The "Gilliam Clan" migrated mainly from North Carolina and Tennessee into Missouri about 1820. They moved much like an Indian kinship group that added members as the children married into other families.
Epaphroditus Gilliam (Va. or N.C., ca 1770/Buchanan Co., 1843), progenitor of the clan, was in Clay County when the county was formed, in 1822, and had settled "across the line" in Platte (Territory) by 1836. His oldest son, Jesse (N.C., 1790/Andrew Co., 1867), was the first tax collector of Clay Co.
Another son, Cornelius (Buncome Co., N.C. 13 Apr 1798/Wells Springs, Ore., 20 Mar. 1848), is said to have served six different counties in the State of Missouri, either as representative or senator before 1844. Cornelius advertised for volunteers to go to "upper California" or Oregon in 1841 and 1843. They started from five miles west of Savannah, opposite Owens Landing, 9 May 1844. One of their three companies was in command of Wm. Shaw (Wake Co., N.C., 15 Dec. 1795/Polk Co., Ore.) who had married Sarah Gilliam (N.C. 11 May 1796/Polk Co., Ore 9 July 1875) on 14 June 1822 in Clay Co. Later, one company was in command of Mitchell Gilliam (Tenn. 27 Sept., 1815/Sonoma Co., Cal., 26 Jul 1882) who had married Henrietta Taylor (Ky., 15 Apr 1815/Sonoma Co., 9 Nov 1890) daughter of Rachel (S.C. or Ky. 8 Apr 1798/Sonoma Co., 13 Nov 1881) and Benjamin Taylor (Ga. 28 Jan 1794/Sonoma Co., 2 Jun 1873) on 11 Nov 1833 in Clay County. Cornelius was killed while in command of the troops in the Cayuse War and Gilliam County, Oregon is named after him.
Surnames of some of the clan members who had lived in the Platte Territory and made the 1844 trip to Oregon include: Belieu; Bowman; Gage; Grant; Nichols; Shaw; Taylor; and a Sullivan who is believed to be the Isaac Sullivan (Knox Co., Ky., 29 Mar 1807/Sonoma Co., 25 Aug. 1891) who taught school in Washington Township "at an early day" and married Mary "Polly" Gilliam (Mo. 26 Sep 1833/Sonoma Co. 14 Nov 1885), daughter of Mitchell and Henrietta, 26 Aug 1851, in Sonoma County, California.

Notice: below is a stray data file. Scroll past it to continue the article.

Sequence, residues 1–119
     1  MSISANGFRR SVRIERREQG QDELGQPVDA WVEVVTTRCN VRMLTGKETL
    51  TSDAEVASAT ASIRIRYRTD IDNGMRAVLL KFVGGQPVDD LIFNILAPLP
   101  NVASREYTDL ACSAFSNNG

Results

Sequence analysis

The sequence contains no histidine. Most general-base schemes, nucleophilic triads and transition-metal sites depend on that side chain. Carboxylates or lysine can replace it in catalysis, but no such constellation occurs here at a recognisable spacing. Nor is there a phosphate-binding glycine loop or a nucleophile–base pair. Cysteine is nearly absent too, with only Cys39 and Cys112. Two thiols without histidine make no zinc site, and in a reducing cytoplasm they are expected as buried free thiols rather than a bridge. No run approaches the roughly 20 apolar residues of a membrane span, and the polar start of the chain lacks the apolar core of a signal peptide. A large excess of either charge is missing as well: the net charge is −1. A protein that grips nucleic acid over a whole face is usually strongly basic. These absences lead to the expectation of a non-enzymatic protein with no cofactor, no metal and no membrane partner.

Several of these families lived in the area that is now DeKalb County. In 1835 Benjamin Taylor and Robert Gilliam were ordered to be judges at the next election for Grand River Twp. Capt. Benjamin Taylor and Rachel passed through Maysville on their way to California, 6 May 1857, with their daughter Jan and Ben Branscomb who was Jane's husband on 7 Aug 1859. Some of the Taylor children remained in DeKalb County including Jacob Taylor (1831-1906) who set up and operated the first steam mill in DeKalb County and was the father of W. Benj. Taylor (1854-1920).
Jesse Gilliam was a man of the American frontier. He was born in the mountains of Western North Carolina right after the American Revolution. Jesse's life spanned the terms in office of the nation's first 17 Presidents. George Washington was President when Jesse was born in 1790. James Madison was President when he married Jennett in 1810; John Quincy Adams was President when Jesse bought land in Clay County, MO in 1827; and Andrew Johnson was President when Jesse died in 1867.
Jesse was the oldest of thirteen children born to Epaphroditus and believed to be the third child born to Sarah Anne "Sally" Israel. Jesse moved with his parents from Wilkes Co. NC to Buncombe Co. NC after the tax list for 1793 was complied and before 11 Oct 1797 when Epaphroditus bought 120 ares on the N. Fork of the Swannanoa River in Buncombe Co. By 1810 the family had moved to Haywood Co. NC and Jesse married Jenny McDowell on 25 Jec 1810 in Haywood Co. NC. Jesse and Jennett were living in Tennessee when Unity, their first, child was born in July 1811. On 28 Apr 1813 Jesse enters 125 acres on the North Fork of Scots Creek in Haywood Co. NC. Jesse moved his wife and four children from North Carolina to Missouri before June 1818 when their fifth child, Andrew Jackson, was born. He was active in local government. Jesse voted and was a judge in the first election held in Miami Township of Cooper County, Missouri in August 1819. In 1821, he was the first tax collector in Ray County, Missouri and the next year, he was the first tax collector of Clay County, Missouri.
Records have been found that show Jesse had owned land in five counties in Missouri: Ray, Clay, Jackson, Platte and Andrew. Jesse's 4 November 1843 application for the land in Platte County includes his signature. He was a prosperous farmer who made money buying, developing and selling land. He was also a minister in the Methodist Episcopal Church. In June 1849, Jesse and his son, Samuel T. Gilliam, left Missouri to go to the California "Gold Rush". In March 1850, Jesse returned to his home in Missouri: Samuel remained in California. Although Jesse had a desire to migrate to the West Coast he remained in Missouri until his death. The date of his death is not known but on 4 March 1867 John Gilliam, Jesse's son, filed for an Administrative Bond to settle Jesse's estate. The application showed that Jesse was a resident of Andrew County, Missouri, he died intestate and he owned property in Missouri.